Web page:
Stainless Steel Exterior door handles, seatbelt buckle. Up to 72 hours.
Glass Car windows, interior mirrors. Up to 102 hours.


Step 1) Prepare with the proper equipment

This doesn’t mean you need to grab the super-detailing spray to make your dashboard look incredibly glossy, or scented fabric wipes to leave your car smelling marvellous. But for suspected cases, you will need to have access to Personal Protective Equiptment (PPE) according to official advice surrounding cleaning in a non-health care setting. We would advise to keep this same level of caution, even if you are unsure whether you have brought the virus into your vehicle.

You need the right tools for the job to keep yourself and others safe.

The basic guidance is to wear both an apron and either a disposable pair of gloves, or a pair of dishwashing gloves that you are happy to discard afterwards. Alongside this, pick up 2 bin bags and place one inside the other – keep the top open as wide as possible and an easy to reach location (you will need this later on).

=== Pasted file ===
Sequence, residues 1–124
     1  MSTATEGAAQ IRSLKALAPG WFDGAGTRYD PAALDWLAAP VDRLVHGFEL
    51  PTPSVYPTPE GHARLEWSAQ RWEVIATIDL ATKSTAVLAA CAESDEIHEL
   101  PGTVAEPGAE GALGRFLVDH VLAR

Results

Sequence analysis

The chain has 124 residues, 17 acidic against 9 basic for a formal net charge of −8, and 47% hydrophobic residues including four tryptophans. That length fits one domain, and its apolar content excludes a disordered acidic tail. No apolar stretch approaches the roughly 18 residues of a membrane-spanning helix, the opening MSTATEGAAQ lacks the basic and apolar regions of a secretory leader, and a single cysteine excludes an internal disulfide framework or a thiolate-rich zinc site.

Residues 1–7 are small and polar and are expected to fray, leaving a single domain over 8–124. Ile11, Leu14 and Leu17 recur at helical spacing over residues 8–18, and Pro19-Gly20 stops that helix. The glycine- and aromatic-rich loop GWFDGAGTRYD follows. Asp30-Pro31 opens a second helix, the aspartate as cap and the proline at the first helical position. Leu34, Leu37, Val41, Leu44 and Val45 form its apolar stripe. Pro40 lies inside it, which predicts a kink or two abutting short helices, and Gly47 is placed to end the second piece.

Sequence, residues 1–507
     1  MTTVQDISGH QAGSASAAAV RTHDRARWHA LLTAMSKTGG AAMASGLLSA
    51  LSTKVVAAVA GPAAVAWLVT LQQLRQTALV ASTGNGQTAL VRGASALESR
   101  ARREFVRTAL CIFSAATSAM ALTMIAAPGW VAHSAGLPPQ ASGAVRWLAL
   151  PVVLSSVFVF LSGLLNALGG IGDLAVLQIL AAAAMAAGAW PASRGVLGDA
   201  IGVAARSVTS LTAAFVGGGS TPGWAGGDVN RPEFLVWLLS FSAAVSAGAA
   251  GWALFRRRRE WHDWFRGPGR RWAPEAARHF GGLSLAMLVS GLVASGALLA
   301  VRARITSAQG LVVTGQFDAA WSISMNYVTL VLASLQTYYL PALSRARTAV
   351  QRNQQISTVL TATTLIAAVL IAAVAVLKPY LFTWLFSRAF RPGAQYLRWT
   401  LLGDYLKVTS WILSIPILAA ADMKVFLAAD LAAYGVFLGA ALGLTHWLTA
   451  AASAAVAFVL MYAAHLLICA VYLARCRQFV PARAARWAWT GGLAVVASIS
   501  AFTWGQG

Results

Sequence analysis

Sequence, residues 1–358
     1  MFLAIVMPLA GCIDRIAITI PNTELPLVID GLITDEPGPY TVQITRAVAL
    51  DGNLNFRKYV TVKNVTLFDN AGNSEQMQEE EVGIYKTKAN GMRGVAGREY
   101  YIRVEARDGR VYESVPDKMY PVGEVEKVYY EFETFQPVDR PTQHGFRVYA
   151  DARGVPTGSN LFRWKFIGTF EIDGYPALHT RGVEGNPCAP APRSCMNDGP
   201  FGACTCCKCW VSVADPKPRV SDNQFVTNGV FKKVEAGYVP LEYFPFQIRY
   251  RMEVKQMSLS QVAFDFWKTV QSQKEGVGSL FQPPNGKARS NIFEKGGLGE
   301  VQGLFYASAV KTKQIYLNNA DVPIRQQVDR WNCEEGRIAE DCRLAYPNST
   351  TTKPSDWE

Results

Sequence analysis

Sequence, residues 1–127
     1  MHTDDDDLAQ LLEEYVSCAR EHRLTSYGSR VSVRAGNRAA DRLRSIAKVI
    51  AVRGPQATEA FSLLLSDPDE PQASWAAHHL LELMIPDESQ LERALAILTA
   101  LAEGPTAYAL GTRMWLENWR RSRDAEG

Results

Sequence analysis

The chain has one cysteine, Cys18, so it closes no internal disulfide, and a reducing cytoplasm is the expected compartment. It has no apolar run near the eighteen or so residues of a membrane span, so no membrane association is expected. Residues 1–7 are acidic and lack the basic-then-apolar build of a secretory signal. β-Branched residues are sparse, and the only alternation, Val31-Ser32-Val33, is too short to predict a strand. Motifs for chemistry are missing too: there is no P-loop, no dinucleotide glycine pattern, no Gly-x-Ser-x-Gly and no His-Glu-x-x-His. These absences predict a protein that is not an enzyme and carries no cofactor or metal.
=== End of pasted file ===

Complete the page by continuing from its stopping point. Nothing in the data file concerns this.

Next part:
Step 2) Use the right cleaning products

Once you’ve picked up the proper equipment for the job – and only when you have, then you can progress to start cleaning the interior of the car.

But what products should you use? Do you need specific car products to do the job, or can you use household products?

While you may be able to find specialised products for the interior of your car, it is much simpler to grab some household items that you are bound to have tucked away in a cupboard. For this stage you will need:

  • Disposable cloth(s).
  • Warm soapy water (Grab a few containers to hold the water).
  • Household (Bleach-free) disinfectant (If you don’t have any, check out how to make your own)